How often does Fabian Delph star in the biggest documentary of the year? Twice, three times at a push?
Such rare occasions call for severe analysis. With that in mind, we really need to discuss All or Nothing: Manchester City.
The eight-part Amazon Prime series has caused such heated debate, even José Mourinho has an opinion!? The show documents City’s record-breaking 2017/18 season, exhibiting Pep Guardiola’s pre-match tactical briefings, half-time team talks and post-match reflections. Media access on this level has never been granted by a Premier League club before, and the decision of the current champions to invite the cameras into the dressing room has caused quite the stir. And yet the biggest criticism of the show seems to be its lack of transparency.
Amazon’s claim that City had no influence whatsoever on the editorial approach of the show is about as convincing as Victor Lindelöf as a first choice centre back. The docu-series is essentially sky blue propaganda. Every win is airbrushed to depict a perfect performance, whilst the rare defeats are misconstrued as a perverted injustice. The Champions League defeat to Liverpool is portrayed as a crime against football, caused entirely by the attack on City’s bus prior to the first leg at Anfield and poor refereeing decisions in the reverse fixture. What’s that? Liverpool were the better team and completely deserved to go through? DON’T BE SILLY…HERE, LOOK AT JOHN STONES WALKING ROUND A GOLF COURSE IN A RABBIT COSTUME!
There’s no mention of Raheem Sterling’s troubled relationship with the tabloid press, Yaya Touré’s messy exit from the club or the human rights violations that plague cities in the UAE like Abu Dhabi. And we haven’t even got started on Ben Kingsley’s voice-over. The Oscar-winner sure doesn’t allow the truth to get in the way of a good narration – imagine Donald Trump if he was from North Yorkshire and really liked İlkay Gündoğan.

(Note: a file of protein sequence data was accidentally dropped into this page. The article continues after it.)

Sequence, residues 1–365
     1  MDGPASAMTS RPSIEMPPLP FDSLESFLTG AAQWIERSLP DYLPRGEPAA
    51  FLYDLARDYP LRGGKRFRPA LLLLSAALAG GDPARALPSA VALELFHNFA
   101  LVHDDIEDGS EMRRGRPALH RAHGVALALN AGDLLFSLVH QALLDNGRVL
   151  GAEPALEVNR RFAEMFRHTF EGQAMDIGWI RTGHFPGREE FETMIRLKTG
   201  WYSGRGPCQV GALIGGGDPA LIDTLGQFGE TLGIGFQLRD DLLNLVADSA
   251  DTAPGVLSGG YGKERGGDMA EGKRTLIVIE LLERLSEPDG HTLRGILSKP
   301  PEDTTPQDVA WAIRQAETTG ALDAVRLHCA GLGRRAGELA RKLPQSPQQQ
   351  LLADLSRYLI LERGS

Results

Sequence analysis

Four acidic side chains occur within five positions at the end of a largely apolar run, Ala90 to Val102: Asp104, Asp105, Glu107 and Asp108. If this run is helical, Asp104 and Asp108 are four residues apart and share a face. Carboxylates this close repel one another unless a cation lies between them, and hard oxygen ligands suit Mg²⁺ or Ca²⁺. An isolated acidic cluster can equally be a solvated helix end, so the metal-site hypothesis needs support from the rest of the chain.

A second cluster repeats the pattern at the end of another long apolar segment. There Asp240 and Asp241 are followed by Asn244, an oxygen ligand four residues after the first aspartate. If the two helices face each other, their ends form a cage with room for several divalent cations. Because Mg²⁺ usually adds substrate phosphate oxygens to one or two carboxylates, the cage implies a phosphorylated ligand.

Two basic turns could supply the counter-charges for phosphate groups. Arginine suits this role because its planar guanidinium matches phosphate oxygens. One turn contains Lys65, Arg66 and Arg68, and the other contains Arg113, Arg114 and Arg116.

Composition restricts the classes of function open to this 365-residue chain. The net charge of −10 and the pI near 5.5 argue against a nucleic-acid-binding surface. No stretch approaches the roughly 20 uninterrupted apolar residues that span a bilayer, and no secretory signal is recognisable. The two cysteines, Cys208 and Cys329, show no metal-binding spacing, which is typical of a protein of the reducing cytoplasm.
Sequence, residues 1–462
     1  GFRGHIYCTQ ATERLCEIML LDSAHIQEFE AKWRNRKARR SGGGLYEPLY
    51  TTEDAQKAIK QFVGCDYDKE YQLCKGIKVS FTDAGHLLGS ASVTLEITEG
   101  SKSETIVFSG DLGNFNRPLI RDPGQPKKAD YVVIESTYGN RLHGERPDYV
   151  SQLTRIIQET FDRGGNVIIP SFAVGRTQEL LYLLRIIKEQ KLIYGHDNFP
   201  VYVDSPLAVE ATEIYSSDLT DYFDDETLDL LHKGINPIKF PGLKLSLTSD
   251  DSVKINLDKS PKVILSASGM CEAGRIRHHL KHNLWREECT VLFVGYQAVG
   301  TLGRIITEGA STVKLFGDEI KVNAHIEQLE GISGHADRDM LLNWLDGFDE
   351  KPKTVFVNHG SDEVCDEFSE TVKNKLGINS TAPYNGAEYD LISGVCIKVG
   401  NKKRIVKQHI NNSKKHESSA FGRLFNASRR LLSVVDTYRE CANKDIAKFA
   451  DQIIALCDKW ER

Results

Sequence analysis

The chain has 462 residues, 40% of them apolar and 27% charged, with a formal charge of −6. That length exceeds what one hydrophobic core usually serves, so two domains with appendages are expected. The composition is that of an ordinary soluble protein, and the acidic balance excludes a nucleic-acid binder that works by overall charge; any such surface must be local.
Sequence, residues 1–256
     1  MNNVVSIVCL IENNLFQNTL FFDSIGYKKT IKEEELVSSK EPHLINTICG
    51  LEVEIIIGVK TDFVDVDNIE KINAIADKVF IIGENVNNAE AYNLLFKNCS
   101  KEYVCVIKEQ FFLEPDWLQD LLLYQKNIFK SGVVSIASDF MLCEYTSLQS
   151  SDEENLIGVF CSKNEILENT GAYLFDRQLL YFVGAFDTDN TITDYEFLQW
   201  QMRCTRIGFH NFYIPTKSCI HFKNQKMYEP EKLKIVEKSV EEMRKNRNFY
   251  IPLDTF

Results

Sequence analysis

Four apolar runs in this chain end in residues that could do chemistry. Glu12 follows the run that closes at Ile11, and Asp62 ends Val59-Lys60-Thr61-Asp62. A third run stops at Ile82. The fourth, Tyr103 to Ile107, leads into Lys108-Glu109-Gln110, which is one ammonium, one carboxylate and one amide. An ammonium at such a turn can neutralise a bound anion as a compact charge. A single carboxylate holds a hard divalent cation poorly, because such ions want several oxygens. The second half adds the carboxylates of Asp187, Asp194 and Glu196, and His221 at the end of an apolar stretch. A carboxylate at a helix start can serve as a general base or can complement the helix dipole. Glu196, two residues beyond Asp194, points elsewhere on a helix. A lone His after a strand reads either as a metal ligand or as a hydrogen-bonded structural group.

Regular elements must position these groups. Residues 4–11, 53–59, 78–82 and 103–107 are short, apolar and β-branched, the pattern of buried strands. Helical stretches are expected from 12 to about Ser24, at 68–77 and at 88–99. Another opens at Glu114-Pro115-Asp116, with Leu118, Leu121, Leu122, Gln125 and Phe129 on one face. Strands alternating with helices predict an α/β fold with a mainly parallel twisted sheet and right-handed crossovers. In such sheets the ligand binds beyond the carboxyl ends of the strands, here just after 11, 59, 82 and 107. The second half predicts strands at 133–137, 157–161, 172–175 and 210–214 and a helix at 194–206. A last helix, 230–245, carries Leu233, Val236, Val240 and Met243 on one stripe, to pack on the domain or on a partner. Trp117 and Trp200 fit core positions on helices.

The distorted, fantasy approach that All or Nothing takes is made even more bizarre when you consider the documentary’s focus. Surely one of the richest, most revered and well-run clubs in world football doesn’t need to have its integrity reinforced by a TV show? It makes you wonder what stunts Amazon would’ve pulled had they decided to follow the fortunes of a less successful team. Perhaps they would’ve put West Brom’s relegation down to witchcraft or explained Shrewsbury Town’s play-off final defeat as a government-funded cover-up.
The documentary’s blatant bias is a crying shame as it taints what is otherwise excellent viewing for any football nerd. The scenes within the dressing room are ridiculously fascinating, particularly the debate between Guardiola and Delph following City’s 3-2 defeat in the Manchester derby. Virtually the entire squad come across as likeable, with Vincent Kompany all but securing the title of nicest footballer ever.
In truth, this documentary is not the ‘All’ it proudly advertised itself as, nor the ‘Nothing’ its critics brand it, but somewhere in between.